Overexploitation of renewable resources today has a high cost on the welfare of future generations. Unlike in other public goods games however, future generations cannot reciprocate actions made today. What mechanisms can maintain cooperation with the future? To answer this question, we devise a new experimental paradigm, the ‘Intergenerational Goods Game’. A line-up of successive groups (generations) can each either extract a resource to exhaustion or leave something for the next group. Exhausting the resource maximizes the payoff for the present generation, but leaves all future generations empty-handed. Here we show that the resource is almost always destroyed if extraction decisions are made individually. This failure to cooperate with the future is driven primarily by a minority of individuals who extract far more than what is sustainable. In contrast, when extractions are democratically decided by vote, the resource is consistently sustained. Voting is effective for two reasons. First, it allows a majority of cooperators to restrain defectors. Second, it reassures conditional cooperators that their efforts are not futile. Voting, however, only promotes sustainability if it is binding for all involved. Our results have implications for policy interventions designed to sustain intergenerational public goods.And, by the way, here is a nice piece on "Caring for the present", how peer presence and pressure can help preserve electric grids.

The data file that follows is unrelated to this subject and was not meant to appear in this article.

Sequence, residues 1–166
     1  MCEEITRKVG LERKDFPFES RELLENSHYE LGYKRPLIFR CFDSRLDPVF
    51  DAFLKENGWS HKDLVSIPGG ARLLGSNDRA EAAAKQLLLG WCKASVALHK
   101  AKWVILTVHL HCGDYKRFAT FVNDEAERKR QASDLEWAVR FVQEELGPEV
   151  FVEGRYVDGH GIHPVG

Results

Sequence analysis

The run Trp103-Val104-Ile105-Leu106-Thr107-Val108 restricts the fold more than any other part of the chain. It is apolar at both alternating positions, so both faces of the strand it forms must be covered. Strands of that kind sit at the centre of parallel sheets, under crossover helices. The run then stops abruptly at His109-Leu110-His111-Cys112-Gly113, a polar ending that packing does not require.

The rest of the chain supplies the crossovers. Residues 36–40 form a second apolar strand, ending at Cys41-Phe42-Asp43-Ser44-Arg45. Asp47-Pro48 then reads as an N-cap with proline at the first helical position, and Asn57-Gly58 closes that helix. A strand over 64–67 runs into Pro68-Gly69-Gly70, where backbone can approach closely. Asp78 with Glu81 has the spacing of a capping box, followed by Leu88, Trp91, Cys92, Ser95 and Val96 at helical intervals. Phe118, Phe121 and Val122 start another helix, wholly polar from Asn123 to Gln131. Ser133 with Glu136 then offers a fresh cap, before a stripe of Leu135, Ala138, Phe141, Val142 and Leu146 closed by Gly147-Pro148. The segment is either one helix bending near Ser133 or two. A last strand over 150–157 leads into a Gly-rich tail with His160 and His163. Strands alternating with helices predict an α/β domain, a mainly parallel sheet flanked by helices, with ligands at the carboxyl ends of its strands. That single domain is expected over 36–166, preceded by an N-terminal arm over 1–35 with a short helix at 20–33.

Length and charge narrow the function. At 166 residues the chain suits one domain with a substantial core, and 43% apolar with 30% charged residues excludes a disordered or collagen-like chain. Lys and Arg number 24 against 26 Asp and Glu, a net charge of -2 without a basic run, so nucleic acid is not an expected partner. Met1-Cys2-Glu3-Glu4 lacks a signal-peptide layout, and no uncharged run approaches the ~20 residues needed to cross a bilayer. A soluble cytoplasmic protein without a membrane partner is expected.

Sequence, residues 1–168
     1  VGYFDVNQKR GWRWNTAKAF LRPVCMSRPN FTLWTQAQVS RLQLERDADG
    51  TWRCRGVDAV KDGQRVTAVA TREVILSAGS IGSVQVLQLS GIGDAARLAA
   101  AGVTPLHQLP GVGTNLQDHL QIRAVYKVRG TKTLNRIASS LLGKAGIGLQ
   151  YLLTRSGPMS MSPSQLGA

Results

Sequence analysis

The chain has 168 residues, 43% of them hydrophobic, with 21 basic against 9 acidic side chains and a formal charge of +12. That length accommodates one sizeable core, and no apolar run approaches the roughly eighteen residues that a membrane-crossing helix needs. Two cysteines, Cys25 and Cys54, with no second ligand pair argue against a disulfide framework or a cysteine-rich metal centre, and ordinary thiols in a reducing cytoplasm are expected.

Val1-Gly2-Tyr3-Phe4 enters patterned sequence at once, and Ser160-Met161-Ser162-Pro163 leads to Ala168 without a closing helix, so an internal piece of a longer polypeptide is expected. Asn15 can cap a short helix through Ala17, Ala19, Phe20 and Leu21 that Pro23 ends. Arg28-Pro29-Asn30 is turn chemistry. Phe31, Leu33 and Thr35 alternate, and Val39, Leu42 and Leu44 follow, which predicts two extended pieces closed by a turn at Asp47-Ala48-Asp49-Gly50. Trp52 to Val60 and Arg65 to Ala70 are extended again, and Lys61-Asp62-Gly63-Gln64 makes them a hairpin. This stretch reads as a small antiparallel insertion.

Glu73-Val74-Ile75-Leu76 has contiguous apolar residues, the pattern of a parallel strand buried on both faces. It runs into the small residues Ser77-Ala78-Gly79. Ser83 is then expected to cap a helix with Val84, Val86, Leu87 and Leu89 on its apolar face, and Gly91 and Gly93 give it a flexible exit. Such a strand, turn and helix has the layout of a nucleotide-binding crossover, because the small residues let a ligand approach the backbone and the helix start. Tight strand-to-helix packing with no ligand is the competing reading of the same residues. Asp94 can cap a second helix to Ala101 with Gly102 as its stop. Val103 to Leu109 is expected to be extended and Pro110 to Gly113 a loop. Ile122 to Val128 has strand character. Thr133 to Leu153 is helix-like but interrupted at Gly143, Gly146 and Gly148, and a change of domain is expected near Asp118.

Wednesday, July 09, 2014
Caring for the future
In a fascinating behavioral economics experiment Hauser et al examine willingness of people in a group to sacrifice personal gains for future generations, and show that whether majorities that will sacrifice for the future are adequate for the task depends on whether choices are made individually or by group decision. Nature magazine does a nice presentation of this work with an instructive video and a news and views commentary. Here is the abstract of the article: